156 West High Street, New Concord, Ohio 43762
Next to Cornelius Aultman the most important personage in the founding of the Aultman & Taylor Manufacturing Company located in Mansfield, Ohio was Henry Hobart Taylor. Upon the mention of Henry Taylor he is usually recognized as having been an agent for C. Aultman & Co. and Nichols, Shepard and Company. While this is in fact true yet in and of itself fails to do justice to the man for he was involved in numerous other areas of business and industry. Little has been written about him and unfortunately much of it is erroneous so for this reason he is not as well known as is Aultman and many of the other men who were engaged in the manufacture and sale of threshing machinery. Consequently it is all the more important and in fact imperative that a more accurate and complete biographical sketch of this illustrious man should be presented. 1
Henry Hobart Taylor was born in Durhamsville near Oneida Creek, New York in the year of 1835. His father and family moved to Chicago in 1845 and engaged in merchandizing. Henry was ten years of age when the family moved to Chicago and he entered the public schools of that city. However at an early age he became a clerk in his father's store where through that experience received a business education and was initiated into the mercantile experience of the growing busy city of Chicago.
In 1854 the family moved to Freeport, Illinois. At that time Mr. Taylor was eighteen years of age and launched out for himself. He began his self-support although he had only one dollar in his pocket. He journeyed to Cincinnati, Ohio where he became employed by a druggist for the purpose of learning pharmacy. In that day it was common practice for a young man who wished to become a doctor, lawyer or a pharmacist to study, read and work with one of the older men as he practiced his profession. At the conclusion of an apprenticeship the young man was either declared competent to practice his profession or after passing an examination was licensed and accorded the right to follow his chosen profession. Mr. Taylor spent learning to become a pharmacist and mastered the art, but made no use of his knowledge of pharmacy during the rest of his life.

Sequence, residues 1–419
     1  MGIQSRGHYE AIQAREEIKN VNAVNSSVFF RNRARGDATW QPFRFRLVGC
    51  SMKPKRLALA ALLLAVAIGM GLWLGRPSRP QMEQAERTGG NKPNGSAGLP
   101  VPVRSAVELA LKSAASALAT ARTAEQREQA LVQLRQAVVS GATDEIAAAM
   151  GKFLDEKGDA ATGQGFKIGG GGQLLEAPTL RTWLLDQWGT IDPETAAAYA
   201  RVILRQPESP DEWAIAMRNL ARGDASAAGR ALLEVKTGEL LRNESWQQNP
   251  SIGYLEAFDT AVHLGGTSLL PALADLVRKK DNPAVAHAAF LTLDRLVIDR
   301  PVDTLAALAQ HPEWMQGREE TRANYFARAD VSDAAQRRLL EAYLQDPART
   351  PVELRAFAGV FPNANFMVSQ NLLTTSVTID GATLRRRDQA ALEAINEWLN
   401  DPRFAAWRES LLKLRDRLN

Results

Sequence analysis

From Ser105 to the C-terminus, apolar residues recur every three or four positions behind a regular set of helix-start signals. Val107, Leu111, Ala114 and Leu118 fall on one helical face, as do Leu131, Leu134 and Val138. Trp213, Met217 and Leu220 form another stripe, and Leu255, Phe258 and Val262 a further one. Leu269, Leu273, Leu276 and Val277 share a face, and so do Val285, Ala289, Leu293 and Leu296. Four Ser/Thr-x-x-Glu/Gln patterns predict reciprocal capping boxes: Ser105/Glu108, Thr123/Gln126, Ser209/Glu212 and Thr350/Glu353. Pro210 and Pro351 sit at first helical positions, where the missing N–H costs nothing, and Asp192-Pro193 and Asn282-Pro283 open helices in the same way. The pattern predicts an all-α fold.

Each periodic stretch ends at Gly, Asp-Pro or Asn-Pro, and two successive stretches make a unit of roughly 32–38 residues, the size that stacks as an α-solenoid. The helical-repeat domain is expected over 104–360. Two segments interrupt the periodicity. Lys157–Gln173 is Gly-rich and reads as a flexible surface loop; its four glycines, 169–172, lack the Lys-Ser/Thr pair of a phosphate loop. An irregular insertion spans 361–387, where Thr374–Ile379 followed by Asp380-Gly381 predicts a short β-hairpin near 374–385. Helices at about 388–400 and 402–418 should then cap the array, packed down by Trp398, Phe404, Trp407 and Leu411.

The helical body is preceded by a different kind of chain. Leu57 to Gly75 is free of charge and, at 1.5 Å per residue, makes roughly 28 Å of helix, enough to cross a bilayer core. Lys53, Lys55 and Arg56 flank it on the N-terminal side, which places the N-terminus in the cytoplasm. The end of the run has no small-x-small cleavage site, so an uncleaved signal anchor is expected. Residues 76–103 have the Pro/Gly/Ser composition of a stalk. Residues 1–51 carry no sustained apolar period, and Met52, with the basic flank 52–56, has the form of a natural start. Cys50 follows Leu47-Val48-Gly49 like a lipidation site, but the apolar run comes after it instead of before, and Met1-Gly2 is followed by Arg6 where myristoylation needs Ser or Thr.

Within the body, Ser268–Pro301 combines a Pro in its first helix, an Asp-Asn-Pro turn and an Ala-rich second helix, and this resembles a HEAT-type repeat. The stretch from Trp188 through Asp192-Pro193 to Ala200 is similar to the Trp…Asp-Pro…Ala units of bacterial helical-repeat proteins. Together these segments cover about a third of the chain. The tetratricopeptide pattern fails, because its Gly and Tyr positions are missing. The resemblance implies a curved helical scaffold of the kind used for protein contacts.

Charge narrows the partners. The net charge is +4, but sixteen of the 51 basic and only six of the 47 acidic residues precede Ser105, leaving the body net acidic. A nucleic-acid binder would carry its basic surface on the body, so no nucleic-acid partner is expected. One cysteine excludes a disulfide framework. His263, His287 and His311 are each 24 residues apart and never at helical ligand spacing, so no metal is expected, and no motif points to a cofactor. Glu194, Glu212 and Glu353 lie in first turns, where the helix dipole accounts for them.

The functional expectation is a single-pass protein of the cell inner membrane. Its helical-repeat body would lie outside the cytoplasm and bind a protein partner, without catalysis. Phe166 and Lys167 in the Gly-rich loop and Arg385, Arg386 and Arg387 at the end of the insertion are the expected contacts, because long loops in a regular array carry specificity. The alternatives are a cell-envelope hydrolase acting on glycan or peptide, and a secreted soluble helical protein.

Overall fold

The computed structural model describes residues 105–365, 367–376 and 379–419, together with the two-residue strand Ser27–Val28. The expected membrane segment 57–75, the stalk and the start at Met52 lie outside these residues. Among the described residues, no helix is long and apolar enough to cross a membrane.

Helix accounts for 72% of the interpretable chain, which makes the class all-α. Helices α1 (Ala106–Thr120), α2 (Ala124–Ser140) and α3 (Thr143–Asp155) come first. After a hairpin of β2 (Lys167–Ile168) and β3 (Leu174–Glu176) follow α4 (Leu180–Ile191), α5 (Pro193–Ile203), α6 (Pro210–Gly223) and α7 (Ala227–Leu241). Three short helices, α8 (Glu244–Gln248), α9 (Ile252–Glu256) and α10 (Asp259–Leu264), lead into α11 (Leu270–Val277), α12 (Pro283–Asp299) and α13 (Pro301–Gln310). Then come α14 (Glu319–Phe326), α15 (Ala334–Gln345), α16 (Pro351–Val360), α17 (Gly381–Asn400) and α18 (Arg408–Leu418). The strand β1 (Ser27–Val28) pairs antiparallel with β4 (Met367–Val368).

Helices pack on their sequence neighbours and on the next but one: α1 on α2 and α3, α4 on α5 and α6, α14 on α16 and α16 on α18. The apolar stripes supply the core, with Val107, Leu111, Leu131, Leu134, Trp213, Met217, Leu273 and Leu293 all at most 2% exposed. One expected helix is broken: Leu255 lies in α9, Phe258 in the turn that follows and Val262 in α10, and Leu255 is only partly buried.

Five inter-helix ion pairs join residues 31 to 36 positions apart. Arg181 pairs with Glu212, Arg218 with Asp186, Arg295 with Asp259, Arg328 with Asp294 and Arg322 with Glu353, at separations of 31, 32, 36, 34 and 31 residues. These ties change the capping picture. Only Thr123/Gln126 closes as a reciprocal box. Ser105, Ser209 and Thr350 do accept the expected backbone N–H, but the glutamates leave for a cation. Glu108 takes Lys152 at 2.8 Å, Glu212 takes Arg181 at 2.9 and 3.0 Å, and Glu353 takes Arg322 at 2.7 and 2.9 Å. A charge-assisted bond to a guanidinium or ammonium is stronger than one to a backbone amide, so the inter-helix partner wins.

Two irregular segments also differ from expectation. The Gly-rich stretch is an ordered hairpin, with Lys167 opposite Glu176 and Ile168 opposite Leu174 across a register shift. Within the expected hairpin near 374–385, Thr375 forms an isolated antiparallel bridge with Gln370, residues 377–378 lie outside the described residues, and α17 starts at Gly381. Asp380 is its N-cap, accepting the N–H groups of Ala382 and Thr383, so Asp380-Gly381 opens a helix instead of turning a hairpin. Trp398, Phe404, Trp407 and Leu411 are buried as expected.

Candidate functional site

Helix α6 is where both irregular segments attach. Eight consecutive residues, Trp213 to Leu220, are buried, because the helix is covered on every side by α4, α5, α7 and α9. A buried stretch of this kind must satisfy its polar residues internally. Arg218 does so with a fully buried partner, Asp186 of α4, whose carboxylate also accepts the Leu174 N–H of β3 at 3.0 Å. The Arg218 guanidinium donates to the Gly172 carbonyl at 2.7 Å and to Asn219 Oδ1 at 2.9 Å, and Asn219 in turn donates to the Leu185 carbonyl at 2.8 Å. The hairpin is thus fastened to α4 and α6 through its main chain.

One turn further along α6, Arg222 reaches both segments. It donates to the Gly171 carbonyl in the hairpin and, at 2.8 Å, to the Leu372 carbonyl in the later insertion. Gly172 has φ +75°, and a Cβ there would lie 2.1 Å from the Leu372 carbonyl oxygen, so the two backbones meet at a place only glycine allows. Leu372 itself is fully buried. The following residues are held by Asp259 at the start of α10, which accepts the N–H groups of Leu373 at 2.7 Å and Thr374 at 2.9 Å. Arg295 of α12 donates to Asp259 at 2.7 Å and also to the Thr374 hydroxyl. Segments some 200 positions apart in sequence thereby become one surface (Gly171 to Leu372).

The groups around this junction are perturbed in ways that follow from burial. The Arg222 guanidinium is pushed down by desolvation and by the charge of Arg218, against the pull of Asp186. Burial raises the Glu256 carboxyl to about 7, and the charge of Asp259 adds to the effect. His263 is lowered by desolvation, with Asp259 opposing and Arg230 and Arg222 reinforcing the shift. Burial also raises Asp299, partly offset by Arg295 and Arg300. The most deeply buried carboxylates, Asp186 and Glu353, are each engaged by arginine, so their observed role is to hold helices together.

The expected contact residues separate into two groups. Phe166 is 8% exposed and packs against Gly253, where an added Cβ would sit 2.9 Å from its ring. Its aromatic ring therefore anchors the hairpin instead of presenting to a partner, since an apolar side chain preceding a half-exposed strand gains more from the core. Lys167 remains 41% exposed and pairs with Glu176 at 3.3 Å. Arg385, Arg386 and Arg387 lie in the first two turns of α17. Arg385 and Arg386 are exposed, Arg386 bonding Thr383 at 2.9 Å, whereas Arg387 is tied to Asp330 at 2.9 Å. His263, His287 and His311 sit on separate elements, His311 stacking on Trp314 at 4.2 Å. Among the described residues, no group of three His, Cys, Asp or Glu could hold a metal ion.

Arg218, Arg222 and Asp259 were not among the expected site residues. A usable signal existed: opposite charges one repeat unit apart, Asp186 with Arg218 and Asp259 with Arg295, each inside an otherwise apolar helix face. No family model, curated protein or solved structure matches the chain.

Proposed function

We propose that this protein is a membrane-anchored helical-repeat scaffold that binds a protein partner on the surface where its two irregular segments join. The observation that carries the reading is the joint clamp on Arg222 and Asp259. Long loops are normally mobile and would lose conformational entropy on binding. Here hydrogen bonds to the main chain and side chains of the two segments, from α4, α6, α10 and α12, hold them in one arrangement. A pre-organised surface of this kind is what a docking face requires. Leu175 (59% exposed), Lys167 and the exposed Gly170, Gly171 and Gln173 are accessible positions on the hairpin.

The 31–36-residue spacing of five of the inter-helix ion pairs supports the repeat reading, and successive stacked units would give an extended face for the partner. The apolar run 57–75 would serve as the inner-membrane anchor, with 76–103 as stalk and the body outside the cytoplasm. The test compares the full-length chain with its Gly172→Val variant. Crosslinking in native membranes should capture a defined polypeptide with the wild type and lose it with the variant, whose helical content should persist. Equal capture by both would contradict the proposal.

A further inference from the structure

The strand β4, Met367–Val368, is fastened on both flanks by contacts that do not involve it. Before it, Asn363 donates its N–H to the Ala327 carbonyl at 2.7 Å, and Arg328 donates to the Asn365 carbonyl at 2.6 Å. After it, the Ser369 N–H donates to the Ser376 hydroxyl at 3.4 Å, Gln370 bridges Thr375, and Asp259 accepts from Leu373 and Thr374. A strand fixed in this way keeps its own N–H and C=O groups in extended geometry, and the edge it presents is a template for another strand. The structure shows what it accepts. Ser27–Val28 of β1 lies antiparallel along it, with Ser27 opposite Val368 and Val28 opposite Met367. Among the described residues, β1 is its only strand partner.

In 1856 he returned to Freeport, Illinois and at that time took out an agency for C. Aultman & Co. of Canton, Ohio. Thus there began an association which endured for a period of nineteen years. This could well be termed the turning point in his career for with the cultivation of the prairies his business increased rapidly.
In 1864 he became associated with Nichols, Shepard and Company of Battle creek, Michigan and also became a stockholder in that Company. In order to handle the increase in his business he established an agency in Chicago for the distribution of machinery manufactured by C. Aultman & Co. and Nichols, Shepard and Company of which he assumed personal responsibility. His business was extended throughout the northwestern states as well as to the Pacific coast and grew to large proportions. 2
He was a remarkable business man being active in several business enterprises in Chicago and its environs. Typical of this interest was his connection with the Elgin National Watch Company of Elgin, Illinois. He was one of the founders of that Company and was a member of the Board of Directors from 1867 until his death on November 9, 1875. It was he who placed the Elgin watch on the London market within one month's time. 3
The Seventy-fifth Anniversary issue of the Elgin Watch-Word reports that,
'The first death of a member of the Board in the office of the directory was that of Henry H. Taylor who died in November of 1875. Mr. Taylor joined the Board in 1867, although a comparatively young man, had from the first taken rank as to ability and industry in the services of the Company.' 4
In this connection an interesting sidelight is provided in a personal letter written by one of the present officials of the Elgin Watch Company. This official states that during the early year3 the Elgin Company manufactured models which were given the name of 'Taylor'. It was a common practice then to name watches in honor of important people who were associated with the Company. This official is of the opinion that those early models were named in honor of Mr. Taylor who was then a member of the Board of Directors. 5